Why Obama and the Republicans will reach an agreement on the debt ceiling.

Who's winning, who's losing, and why.
May 16 2011 6:51 AM

We've Seen This Movie Before

The fight over the debt limit is following a familiar Washington script.

President Barack Obama meets with bipartisan leadership on fiscal policy. Click image to expand.
President Obama meets with House and Senate leaders in April

Allow me to go out on a limb here and predict that President Obama and Republican leaders will agree to raise the debt ceiling, averting an economic crisis. This prediction is based in part on reports I am hearing of tentative progress: Administration sources say both sides are agreeing to cuts in spending in a cordial and serious process, and that the cuts are distributed among the constituents of both parties. If they continue making progress, they'll be able to win the votes from House Republicans and nervous Senate Democrats to pass a debt ceiling increase.

John Dickerson John Dickerson

John Dickerson is Slate's chief political correspondent and author of On Her Trail. Read his series on the presidency and on risk.

But you don't need to know any of that to make this prediction. You simply need to recognize exactly where we are in the midst of a familiar storyline. The debt ceiling fight is just like the fight over funding to keep the government from shutting down, which was just like the fight over extending the Bush tax cuts, which was just like … well, you get the idea.

Washington has become a Saturday serial like the kind they showed at the cinema in the middle of the last century. Each episode ends with a cliffhanger in which the hero or heroine is placed in a situation of imminent peril, from which there is no possible escape. Viewers had to return the next week to see how the last cliffhanger was successfully resolved and be introduced to the next cliffhanger.

Here's a brief viewers' guide to the action so that you can anticipate what's going to happen next and comfort your little sister, who is easily scared:

It's All About Economic Fear. All sides agree that failing to reach a deal on tax cuts/ funding the government/raising the debt ceiling would severely affect the fragile recovery. Agreement on this fact foreshadows the happy ending because in the end no wants to get stuck with the blame for harming the economy.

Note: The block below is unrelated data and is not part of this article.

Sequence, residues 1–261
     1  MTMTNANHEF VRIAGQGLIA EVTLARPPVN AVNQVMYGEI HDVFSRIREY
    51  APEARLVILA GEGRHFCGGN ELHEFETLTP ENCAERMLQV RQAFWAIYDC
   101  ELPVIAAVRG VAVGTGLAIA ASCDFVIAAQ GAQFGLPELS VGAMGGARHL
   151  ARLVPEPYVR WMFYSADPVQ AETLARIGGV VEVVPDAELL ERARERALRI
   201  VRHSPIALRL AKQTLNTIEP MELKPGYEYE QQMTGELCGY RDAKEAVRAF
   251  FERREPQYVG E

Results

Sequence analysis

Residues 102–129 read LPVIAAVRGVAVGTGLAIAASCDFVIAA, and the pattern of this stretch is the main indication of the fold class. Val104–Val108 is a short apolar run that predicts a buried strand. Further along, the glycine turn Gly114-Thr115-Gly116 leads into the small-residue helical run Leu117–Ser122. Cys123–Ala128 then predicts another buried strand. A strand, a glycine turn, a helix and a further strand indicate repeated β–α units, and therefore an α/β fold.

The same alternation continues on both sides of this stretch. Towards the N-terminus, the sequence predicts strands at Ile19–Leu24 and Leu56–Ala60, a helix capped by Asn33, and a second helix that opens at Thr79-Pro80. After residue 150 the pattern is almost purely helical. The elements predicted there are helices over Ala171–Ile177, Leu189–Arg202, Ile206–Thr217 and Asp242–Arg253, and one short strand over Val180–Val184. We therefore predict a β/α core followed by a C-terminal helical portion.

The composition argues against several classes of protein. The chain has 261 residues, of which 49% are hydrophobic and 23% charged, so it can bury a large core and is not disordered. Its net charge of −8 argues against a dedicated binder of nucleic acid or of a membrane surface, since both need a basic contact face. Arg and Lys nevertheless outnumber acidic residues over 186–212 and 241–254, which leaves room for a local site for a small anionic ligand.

No New Taxes. Republicans refuse to support any deal that includes a tax increase. The president met with Republican senators last week and said any significant deficit reduction required to raise the debt ceiling could not be reached without some kind of tax increase. A House leadership aide says that House Speaker John Boehner expects the president to cave on this position as he did on tax cuts for the wealthiest.

Hostage-Taking. Last year, the president famously said "Republicans [were] holding middle-class tax relief hostage because they're insisting we've got to give tax relief to millionaires and billionaires." During the shutdown fight that was Democratic Whip Steny Hoyer's claim. Last week White House spokesman Jay Carney took up the charge.

Enter the Vice President. To solve the situation, Joe Biden is called in to negotiate with leaders of both parties. The meetings are cordial. He appears afterward to offer his assessment of how well they went.

No Progress. News accounts say that no progress is being made. Pundits sound the alarm.

Progress. Meanwhile, negotiators are making progress. Pundits sound the alarm.

DemocraticFreakout. Democratic officials complain that the president isn't doing enough. He's selling them out in a final deal with Republicans. Democratic senators expressed this sentiment in a meeting with Obama and his aides last week.

Tea Party Freakout. Various Tea Party-affiliated activists claim that House GOP leaders are selling out. (This also happens with each sunrise.)

Uh-Oh, Daddy'sHome. Obama weighs in and tells both sides to stop playing politics in order to get a deal. If you want a good seat for this coming act, go to the White House briefing room: That's where he did it during the tax cut fight and government shutdown tussle.

We're All Doomed. News reports quote aides who say both sides have never been farther apart. A deal, if there ever was one, is crumbling.

Let's Make a Deal. Both sides believe doing nothing would harm the economy; they make a deal. That pressures the president because he'll get the large share of the blame if the economy slides. Republicans make a deal because they are boasting they're the adults in Washington, and shutting down the government or defaulting on its obligations doesn't suggest adult behavior.

Saturday serial hero Captain Marvel had a niftier suit than the boxy ones Washington politicians wear. But his ability to avert a crisis that looked certain to cause destruction was just as predictable. Of course, Captain Marvel faced outside forces of doom. In Washington, the politicians are just saving themselves from themselves.

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